a. Laws and Guiding Principles
A re-characterization of an independent contractor may occur if the person performing the work is deemed to be an employee, for example in terms of the Act on Employment Contracts, the Holiday Act or the Salaried Employees Act. A re-characterization of an independent contractor as an employee may also take place if the tax authorities conclude that the payment for services under the contract with an independent contractor in reality, is payment for work performed under an employment relationship.
For example the Danish Holiday Act Section 1.2 (Act no. 1177 of 9 October 2015) defines an employee as follows:
”For the purpose of this Act an employee shall be taken to mean a person receiving remuneration for personal work in an employment relationship.”
As the wording of the above definition may be considered “circular” and no general rule exists in Danish legislation to assist with defining an employee or an employment relationship, a re-characterization can only be made by the Danish courts after an in-depth analysis of how the parties interacted with one another. The courts will consider a number of factors, but the most important guiding principles to determine if work was carried out by an employee or an independent contractor will be the following criteria:
• if the person carrying out work is subordinate, takes instructions and works under the supervision/control of a manager;
• if the person regularly or perhaps even on a daily basis carries out work for the same employer and typically works for only one employer;
• if the person carries out work for only one employer or if he/she has other customers;
• if the person fulfills his/her work using the same working methods as ordinary employees employed by the employer, including if the person has a fixed number of working hours, makes use of tools owned or provided by the employer, makes use of the contractor’s canteen facilities, participates in social activities available to the employer’s employees, etc.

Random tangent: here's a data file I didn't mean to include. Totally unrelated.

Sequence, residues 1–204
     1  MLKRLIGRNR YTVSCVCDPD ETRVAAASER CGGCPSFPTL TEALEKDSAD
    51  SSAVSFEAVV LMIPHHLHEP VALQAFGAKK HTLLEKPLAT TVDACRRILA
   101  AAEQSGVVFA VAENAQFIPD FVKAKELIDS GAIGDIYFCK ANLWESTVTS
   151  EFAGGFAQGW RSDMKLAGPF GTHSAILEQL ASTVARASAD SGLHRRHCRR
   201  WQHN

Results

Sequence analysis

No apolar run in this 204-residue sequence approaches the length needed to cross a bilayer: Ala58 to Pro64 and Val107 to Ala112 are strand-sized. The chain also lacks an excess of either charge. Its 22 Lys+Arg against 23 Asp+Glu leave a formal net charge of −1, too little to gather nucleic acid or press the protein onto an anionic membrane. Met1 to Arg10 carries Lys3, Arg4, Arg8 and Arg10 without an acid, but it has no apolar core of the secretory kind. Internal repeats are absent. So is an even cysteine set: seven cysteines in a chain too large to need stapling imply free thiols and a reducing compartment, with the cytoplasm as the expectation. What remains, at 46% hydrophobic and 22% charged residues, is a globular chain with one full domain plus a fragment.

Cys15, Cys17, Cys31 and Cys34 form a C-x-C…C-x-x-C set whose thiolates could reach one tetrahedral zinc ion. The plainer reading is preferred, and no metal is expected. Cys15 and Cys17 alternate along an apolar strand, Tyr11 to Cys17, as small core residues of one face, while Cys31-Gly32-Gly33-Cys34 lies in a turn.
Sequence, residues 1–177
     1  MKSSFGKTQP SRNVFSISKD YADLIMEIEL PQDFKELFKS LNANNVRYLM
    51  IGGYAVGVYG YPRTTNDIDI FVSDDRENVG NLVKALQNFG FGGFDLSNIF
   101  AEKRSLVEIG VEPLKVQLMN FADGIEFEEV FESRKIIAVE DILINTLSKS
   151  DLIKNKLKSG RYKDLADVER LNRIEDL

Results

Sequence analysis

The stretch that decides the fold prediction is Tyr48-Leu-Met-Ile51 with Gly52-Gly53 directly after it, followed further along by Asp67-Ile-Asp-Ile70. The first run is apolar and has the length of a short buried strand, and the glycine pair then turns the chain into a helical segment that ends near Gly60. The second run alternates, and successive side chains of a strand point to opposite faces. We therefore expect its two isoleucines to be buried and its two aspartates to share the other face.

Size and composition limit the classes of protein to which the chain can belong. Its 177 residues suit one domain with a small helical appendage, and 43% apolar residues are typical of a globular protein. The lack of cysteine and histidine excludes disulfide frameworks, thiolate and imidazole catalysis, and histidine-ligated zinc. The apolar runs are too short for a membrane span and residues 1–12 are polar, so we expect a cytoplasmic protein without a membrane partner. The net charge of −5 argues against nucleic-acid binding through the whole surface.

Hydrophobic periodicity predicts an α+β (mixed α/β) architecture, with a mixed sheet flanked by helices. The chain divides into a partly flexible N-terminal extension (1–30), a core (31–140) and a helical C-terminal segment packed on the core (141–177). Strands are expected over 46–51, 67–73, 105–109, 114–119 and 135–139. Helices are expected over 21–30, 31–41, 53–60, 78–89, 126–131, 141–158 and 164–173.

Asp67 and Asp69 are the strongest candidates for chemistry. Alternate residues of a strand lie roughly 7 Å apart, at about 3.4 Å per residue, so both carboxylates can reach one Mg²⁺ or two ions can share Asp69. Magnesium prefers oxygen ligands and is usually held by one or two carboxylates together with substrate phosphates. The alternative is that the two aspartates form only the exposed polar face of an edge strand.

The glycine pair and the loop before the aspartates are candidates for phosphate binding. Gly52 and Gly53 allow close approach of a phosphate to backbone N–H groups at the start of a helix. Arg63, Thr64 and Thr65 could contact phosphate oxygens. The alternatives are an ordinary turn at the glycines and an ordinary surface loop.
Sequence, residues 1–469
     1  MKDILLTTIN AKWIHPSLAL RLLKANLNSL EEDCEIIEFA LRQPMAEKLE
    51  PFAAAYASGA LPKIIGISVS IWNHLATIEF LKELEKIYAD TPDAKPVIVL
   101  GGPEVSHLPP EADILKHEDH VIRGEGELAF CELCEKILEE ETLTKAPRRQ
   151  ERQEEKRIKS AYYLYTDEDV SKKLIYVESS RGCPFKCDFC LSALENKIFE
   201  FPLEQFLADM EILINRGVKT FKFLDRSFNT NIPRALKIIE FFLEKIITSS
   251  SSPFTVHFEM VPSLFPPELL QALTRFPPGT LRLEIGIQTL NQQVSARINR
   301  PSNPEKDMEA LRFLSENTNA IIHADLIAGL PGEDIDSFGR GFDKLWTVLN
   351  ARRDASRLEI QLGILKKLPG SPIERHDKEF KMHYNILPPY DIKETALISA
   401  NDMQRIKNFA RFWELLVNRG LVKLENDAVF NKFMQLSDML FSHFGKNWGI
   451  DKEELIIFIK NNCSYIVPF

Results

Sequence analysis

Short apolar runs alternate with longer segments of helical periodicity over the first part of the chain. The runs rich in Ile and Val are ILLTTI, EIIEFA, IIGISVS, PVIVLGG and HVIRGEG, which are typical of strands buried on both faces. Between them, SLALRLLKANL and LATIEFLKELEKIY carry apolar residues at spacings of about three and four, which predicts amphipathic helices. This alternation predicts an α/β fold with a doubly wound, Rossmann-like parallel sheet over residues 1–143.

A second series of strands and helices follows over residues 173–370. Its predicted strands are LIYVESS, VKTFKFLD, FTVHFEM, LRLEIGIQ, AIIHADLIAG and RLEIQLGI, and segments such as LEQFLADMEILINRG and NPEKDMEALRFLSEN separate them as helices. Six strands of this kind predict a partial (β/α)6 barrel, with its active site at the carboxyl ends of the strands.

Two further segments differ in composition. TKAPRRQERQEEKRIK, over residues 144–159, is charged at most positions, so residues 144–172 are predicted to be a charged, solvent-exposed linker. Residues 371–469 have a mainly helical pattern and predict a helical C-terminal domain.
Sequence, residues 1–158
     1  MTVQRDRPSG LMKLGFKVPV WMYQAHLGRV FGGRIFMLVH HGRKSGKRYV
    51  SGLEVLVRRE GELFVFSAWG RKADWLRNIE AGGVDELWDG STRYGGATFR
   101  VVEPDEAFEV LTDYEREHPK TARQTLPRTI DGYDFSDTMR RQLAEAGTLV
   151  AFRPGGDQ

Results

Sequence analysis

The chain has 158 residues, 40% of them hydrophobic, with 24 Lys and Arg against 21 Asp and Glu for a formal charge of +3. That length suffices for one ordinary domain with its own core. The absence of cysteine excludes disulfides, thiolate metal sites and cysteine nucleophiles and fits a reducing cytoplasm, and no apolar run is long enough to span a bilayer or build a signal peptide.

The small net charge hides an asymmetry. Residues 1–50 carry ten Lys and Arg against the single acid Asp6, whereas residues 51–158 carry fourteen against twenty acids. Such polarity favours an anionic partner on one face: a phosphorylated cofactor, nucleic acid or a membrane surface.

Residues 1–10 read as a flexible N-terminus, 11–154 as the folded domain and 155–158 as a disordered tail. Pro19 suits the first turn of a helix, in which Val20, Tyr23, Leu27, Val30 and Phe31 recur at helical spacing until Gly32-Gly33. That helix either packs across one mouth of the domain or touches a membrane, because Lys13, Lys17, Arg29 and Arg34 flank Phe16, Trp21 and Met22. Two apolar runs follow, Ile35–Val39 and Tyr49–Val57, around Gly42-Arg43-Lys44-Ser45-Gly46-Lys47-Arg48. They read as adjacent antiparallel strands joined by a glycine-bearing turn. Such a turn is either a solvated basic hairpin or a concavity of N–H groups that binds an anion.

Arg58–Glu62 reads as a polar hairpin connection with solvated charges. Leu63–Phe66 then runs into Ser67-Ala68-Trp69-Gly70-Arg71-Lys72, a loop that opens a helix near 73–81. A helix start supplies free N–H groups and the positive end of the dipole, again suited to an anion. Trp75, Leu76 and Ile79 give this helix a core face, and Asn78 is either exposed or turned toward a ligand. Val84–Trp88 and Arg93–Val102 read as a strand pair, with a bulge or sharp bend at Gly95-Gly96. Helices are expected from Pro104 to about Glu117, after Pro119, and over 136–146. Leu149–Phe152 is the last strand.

• if the person is required to perform the work personally and is not allowed to delegate the work to another person;
• if the person is responsible for the outcome of the work;
• if the person runs a personal, economic risk when carrying out work for the employer; and
• if the person has established his/her own independent business, registered with the Danish Business Authority and the tax authorities.
b. The Legal Consequences of a Re-Characterisation
In the event of re-characterization, there are several legal consequences regarding employment, tax and social security relations, which will affect both the independent contractor and the other party to the contract.
If a relationship is re-characterised as an employer-employee relationship, the independent contractor will be deemed to be an employee and will be entitled to claim a number of benefits, such as the right to be dismissed with notice (either through legislation, a collective bargaining agreement or a customary notice), dismissal with salary, pension contributions and other benefits under the relevant collective bargaining agreement, the payment of holiday pay, etc. The employee could also claim a legal severance payment in the case of unfair dismissal.
Non-compliance with the Danish Holiday Act will result in both the obligation to pay for holiday periods, which should have been supported by the employer and an obligation to pay salary or holiday allowances for future holiday periods. Furthermore, the employer will be liable for interest on holiday pay not paid to an employee and is likely to be fined for non-compliance.